Lead poisoning occurs when lead enters the bloodstream and builds up to toxic levels. Many different factors such as the source of exposure, length of exposure, and underlying susceptibility (e.g., child’s age, nutritional status, and genetics) affect how the body handles foreign substances.
The Macomb County Health Department recommends you get your child tested for lead. A simple blood test can detect lead. Consult with your healthcare provider for advice on blood lead testing.
Source: Macomb County Health Department
The City has multiple strategies for working on this issue, which include:
Sharing information. Through this advisory and other community engagement efforts, the City is committed to sharing information that can help residents understand sources of lead in tap water, its potential health effects, and how to reduce exposure to it.Increasing sampling. The City has doubled its community sampling efforts over the next year in order to provide additional information to the state.Locating lead. In order to build an accurate inventory of lead water service lines, the St. Clair Shores Water Department is encouraging homeowners to report their water service line materials through the Water Service Line Report.
Filters. The Macomb County Health Department and the City of St. Clair Shores are providing filters to qualified residents. See “How do I get a drinking water lead filter?” for a further explanation.Removing lead. In 2020, the City replaced 100 lead service lines at a cost of $400,000. Replacement work will continue through 2021.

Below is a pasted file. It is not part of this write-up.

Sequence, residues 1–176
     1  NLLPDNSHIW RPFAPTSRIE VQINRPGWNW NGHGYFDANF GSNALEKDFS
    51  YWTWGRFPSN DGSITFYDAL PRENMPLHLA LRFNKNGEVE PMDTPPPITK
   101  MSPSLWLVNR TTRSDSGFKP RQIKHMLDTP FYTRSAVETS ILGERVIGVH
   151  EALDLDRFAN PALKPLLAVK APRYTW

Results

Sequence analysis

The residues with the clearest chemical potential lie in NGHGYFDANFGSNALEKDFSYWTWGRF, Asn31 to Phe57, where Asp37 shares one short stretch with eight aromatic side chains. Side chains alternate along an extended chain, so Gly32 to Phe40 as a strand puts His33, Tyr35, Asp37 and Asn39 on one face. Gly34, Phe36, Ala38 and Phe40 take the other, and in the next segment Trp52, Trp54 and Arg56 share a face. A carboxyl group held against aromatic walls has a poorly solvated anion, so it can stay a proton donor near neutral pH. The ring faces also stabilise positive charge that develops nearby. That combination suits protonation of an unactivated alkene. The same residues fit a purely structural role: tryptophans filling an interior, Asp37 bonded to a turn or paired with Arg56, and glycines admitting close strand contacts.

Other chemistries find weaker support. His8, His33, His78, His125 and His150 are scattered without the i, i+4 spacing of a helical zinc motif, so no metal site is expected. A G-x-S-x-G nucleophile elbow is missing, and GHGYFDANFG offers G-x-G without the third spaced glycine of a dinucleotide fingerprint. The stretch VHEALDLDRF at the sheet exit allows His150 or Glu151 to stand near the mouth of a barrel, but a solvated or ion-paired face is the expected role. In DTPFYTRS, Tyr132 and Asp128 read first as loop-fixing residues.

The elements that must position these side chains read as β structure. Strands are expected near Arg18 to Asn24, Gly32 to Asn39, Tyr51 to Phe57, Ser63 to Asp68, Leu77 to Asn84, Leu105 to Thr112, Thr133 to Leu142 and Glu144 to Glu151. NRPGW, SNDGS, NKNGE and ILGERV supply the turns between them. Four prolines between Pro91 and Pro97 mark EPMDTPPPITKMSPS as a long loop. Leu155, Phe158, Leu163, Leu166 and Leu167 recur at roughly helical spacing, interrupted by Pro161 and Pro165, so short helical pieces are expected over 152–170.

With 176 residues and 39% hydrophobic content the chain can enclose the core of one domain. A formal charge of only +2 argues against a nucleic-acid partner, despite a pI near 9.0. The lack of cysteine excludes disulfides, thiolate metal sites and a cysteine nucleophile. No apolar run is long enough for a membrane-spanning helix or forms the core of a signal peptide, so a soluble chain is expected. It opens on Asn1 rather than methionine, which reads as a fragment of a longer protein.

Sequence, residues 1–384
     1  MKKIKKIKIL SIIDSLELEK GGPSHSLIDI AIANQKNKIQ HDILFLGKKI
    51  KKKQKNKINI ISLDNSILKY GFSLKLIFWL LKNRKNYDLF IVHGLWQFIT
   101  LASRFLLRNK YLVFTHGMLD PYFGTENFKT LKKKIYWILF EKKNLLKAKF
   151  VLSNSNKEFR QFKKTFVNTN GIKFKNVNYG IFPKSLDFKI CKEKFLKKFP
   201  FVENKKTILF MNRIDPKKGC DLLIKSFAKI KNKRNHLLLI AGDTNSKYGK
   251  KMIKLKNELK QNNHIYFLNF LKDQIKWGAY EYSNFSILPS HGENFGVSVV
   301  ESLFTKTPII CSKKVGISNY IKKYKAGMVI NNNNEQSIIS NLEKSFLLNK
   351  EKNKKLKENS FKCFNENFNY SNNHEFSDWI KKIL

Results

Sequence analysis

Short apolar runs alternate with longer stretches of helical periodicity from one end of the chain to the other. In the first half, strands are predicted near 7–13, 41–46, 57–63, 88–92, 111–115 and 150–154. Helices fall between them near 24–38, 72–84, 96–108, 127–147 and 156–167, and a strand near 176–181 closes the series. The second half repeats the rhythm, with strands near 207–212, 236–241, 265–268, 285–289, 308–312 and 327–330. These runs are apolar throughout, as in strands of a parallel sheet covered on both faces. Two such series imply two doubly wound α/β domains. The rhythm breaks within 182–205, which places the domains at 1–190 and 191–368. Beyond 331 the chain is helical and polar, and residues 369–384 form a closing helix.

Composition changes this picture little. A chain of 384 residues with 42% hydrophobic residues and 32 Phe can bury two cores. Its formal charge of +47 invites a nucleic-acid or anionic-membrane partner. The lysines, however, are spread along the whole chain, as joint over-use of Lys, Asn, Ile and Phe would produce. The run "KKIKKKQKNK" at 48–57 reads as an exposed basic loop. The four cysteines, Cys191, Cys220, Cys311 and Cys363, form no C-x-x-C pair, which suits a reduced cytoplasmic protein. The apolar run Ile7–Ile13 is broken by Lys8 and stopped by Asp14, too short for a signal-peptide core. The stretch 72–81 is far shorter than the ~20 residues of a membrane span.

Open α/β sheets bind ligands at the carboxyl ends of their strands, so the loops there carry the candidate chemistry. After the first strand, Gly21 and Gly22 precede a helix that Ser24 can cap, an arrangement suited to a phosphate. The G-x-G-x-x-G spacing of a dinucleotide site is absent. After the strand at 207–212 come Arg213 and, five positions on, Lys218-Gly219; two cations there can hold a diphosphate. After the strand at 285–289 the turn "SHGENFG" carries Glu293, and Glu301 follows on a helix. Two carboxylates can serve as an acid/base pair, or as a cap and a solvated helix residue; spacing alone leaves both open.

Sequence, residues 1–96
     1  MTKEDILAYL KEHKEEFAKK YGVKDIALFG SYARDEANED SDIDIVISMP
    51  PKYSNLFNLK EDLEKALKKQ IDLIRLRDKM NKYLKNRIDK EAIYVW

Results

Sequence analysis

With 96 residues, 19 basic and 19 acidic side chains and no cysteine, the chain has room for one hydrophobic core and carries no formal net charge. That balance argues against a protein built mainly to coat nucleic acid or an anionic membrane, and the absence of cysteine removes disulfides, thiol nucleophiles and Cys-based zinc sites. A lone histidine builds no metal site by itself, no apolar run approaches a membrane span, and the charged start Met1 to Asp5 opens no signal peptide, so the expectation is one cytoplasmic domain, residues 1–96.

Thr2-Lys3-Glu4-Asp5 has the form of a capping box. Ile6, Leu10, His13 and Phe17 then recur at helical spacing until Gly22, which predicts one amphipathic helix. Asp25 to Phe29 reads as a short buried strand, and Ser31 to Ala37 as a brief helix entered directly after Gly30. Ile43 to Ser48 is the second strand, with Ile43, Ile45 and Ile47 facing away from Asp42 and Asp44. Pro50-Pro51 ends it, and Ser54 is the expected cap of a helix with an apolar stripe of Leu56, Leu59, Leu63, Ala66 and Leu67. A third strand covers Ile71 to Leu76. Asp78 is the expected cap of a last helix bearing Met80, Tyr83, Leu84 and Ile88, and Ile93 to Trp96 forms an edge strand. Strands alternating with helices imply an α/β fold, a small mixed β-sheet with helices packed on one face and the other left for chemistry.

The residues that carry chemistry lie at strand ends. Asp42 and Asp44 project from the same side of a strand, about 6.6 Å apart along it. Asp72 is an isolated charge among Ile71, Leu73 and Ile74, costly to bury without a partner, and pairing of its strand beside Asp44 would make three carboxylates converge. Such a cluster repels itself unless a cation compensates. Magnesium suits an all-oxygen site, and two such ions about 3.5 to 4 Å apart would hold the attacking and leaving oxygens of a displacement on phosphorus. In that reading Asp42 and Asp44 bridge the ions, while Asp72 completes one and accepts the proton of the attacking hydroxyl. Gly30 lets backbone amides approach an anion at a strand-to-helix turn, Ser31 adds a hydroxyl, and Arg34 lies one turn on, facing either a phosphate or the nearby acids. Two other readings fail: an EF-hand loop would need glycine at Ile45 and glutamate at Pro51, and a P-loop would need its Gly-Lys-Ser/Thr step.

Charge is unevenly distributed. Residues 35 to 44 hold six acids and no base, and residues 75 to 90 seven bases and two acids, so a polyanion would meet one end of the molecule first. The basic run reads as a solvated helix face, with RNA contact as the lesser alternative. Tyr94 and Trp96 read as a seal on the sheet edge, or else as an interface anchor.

The Macomb County Health Department is providing water filters to any residential household (regardless of service line material type) in the City of St. Clair Shores that has a child or pregnant woman and are not able to afford the cost of a lead filter.The City of St. Clair Shores is providing water filters to residential homes that are verified to have a lead service line. First, residents must complete at Water Service Line Report that includes a picture of the water service line at the point it enters the home. Once completed and the material type is verified by the Water Department, the resident may pick-up a lead filter at the Department of Public Works, 19700 Pleasant St., St. Clair Shores, MI 48080. Only 1 lead filter per household will be provided.
Residents may call the DPW at 586-447-3305 to see if they qualify for a filter.Drinking water lead filters can be purchased at your local retailer. Click this flyer to make sure you purchase a lead filter that will provide the protection you want.